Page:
job advertisements carry only the title of the jobs and a contact number, so the girls can call the number and then get a job. This ability to get jobs means that rural women are earning money which can go towards the cost of their marriage and that of their siblings. On the other hand, we need to notice the negative impact of cell phone accessibility. It is a very new technological tool and care must be taken not to de-motivate rural women. Another important ICT penetration in the rural set-up is the internet. It has been mainly introduced in rural areas through the concept of ICT for development. An internet-based information programme has been implemented in rural areas through village information centres from the late 90s. It was given a great hype in the implementation stage, but accessibility to the internet by rural people did not reach the expected level. This was because service providers and policy makers did not understand rural realities or the information needs of rural people. Rural people’s needs are very specific; they need more local information rather than global information. In addition these initiatives did not sensitize the real benefits of internet-based information to the rural people; there was also a lack of infrastructure facilities, erratic electric power supply and internet connectivity, low levels of education and the economic condition of the people. Consequently, many of the initiatives are closed while some are in take-off level and some in the trial period. Nevertheless, if the information centres disseminate information on agriculture, domestic developments, local marketing news, government schemes and health care in local languages, this will be very useful for rural people. There have, nevertheless, been some good effects which have already happened through this programme. The village information centre’s operators now know more about entrepreneurship, and it has motivated them to approach higher officials to get their rights and facilities. Since internet technology is very new International Journal of Rural Studies (IJRS) to rural women, they encourage their children to get training in computer accessibility. The study therefore suggests that technological development is an urgent requirement for the socio and economic empowerment of rural women. However, individual attitudes, social changes and interest in accessing ICTs are also becoming increasingly important issues in the technology-based empowerment of rural women. Any technological empowerment-related initiatives should identify the significant needs of rural women in the information world. In this connection, the role of government, private and corporate sectors and the civil society is vital. REFERENCES Banerjee, B. Indian Village Bans Cell Phones for Unwed Women, bans-cell-phone-for-unwed-women_ n_788121.html Engendering Rural Information Systems in Indonesia, The World Bank, Rural Development and Natural Resources Sector Unit, East Asia and the Pacific Region, 2005,(Report) Report_Indonesia___Final_New.pdf Enhancing Women Empowerment through Information and Communication Technology Department of Women & Child Development Ministry of HRD, Government of India, Gender Equality and Empowerment of Women through ICTs, United Nations Division for the Advancement of Women, Department of Economic and Social Affairs, 2005, (Report) 09.05-ict-e.pdf Jain, S. ICTs and Women’s Empowerment: some Case Studies from India, Lennie, J. 2002, Rural Women’s Empowerment in a Communication Technology Project: Some Contradictory Effects, Rural Society, Vol. 12, No 3, pp.224-245 vol. 20 no. 2 Oct 2013 ISSN 1023–2001 Article 6 Page 6 of 7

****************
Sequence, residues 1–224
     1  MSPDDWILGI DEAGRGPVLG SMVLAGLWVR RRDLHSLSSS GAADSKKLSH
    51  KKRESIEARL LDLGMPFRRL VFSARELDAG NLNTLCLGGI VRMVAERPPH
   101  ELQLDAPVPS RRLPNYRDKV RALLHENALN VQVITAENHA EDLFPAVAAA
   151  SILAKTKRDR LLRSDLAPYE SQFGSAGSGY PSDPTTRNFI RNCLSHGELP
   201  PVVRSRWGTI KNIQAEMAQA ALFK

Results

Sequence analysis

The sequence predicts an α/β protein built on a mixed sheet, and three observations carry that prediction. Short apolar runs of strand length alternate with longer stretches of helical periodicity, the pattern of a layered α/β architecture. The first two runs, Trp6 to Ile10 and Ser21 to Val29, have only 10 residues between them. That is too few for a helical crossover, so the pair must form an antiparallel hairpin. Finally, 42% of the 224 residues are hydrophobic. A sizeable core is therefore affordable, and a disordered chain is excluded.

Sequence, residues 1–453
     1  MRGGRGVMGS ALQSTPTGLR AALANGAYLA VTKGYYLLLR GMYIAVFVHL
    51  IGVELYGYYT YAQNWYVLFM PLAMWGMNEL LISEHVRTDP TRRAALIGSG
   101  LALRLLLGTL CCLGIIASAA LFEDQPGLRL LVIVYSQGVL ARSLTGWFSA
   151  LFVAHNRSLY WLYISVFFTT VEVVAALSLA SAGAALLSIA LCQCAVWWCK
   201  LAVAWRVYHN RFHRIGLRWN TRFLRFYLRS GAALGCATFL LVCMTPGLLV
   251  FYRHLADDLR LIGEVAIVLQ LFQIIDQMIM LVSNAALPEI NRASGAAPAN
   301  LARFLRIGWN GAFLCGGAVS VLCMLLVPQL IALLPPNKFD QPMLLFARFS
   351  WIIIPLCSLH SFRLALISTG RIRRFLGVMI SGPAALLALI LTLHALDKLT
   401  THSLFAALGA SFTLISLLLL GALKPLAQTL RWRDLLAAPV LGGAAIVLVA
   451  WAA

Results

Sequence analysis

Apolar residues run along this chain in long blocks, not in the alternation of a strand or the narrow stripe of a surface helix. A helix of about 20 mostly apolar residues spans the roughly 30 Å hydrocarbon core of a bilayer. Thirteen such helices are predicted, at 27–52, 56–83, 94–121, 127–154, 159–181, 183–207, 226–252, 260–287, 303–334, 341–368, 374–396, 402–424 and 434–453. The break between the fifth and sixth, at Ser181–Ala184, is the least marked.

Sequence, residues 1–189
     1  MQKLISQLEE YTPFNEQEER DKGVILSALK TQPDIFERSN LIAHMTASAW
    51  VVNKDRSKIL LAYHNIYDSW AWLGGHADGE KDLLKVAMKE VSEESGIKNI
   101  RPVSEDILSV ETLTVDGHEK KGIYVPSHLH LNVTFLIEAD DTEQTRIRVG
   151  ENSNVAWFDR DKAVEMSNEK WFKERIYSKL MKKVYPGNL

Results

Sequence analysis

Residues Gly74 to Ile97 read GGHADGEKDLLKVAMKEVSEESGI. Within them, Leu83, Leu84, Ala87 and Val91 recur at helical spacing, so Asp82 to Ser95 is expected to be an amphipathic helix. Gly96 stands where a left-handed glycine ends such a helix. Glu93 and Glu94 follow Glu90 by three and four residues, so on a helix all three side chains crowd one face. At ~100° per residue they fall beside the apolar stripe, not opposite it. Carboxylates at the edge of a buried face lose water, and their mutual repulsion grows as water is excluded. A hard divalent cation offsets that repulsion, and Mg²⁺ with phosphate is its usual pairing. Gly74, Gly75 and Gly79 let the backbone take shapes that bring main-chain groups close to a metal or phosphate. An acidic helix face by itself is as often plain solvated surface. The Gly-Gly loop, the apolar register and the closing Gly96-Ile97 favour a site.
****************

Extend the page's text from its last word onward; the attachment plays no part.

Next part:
Roy, N.S. 2012, Mobile Phones Offer Indian Women a Better Life, New York Times, html Telecom Regulatory Authority of India (TRAI), 2012, New Delhi, International Journal of Rural Studies (IJRS) vol. 20 no. 2 Oct 2013 ISSN 1023–2001 Article 6 Page 7 of 7

Filename: Socio-Economic Empowerment of Rural Women through Information and Communication Technology (ICTs).docx Directory: E:VRI Websitevri-onlineijrsOct2013 Template: C:UsersJanet WilsonAppDataRoamingMicrosoftTemplatesNormal.dotm Title: SOCIAL INCLUSION OF RURAL WOMEN: CHALLENGES OF ICTs IN THE ERA OF GLOBALIZATION Subject: Author: admin Keywords: Comments: Creation Date: 22/06/2013 15:00:00 Change Number: 18 Last Saved On: 05/01/2014 12:07:00 Last Saved By: Janet Wilson Total Editing Time: 10,832 Minutes Last Printed On: 05/01/2014 12:08:00 As of Last Complete Printing Number of Pages: 7 Number of Words: 3,760 (approx.) Number of Characters: 21,433 (approx.)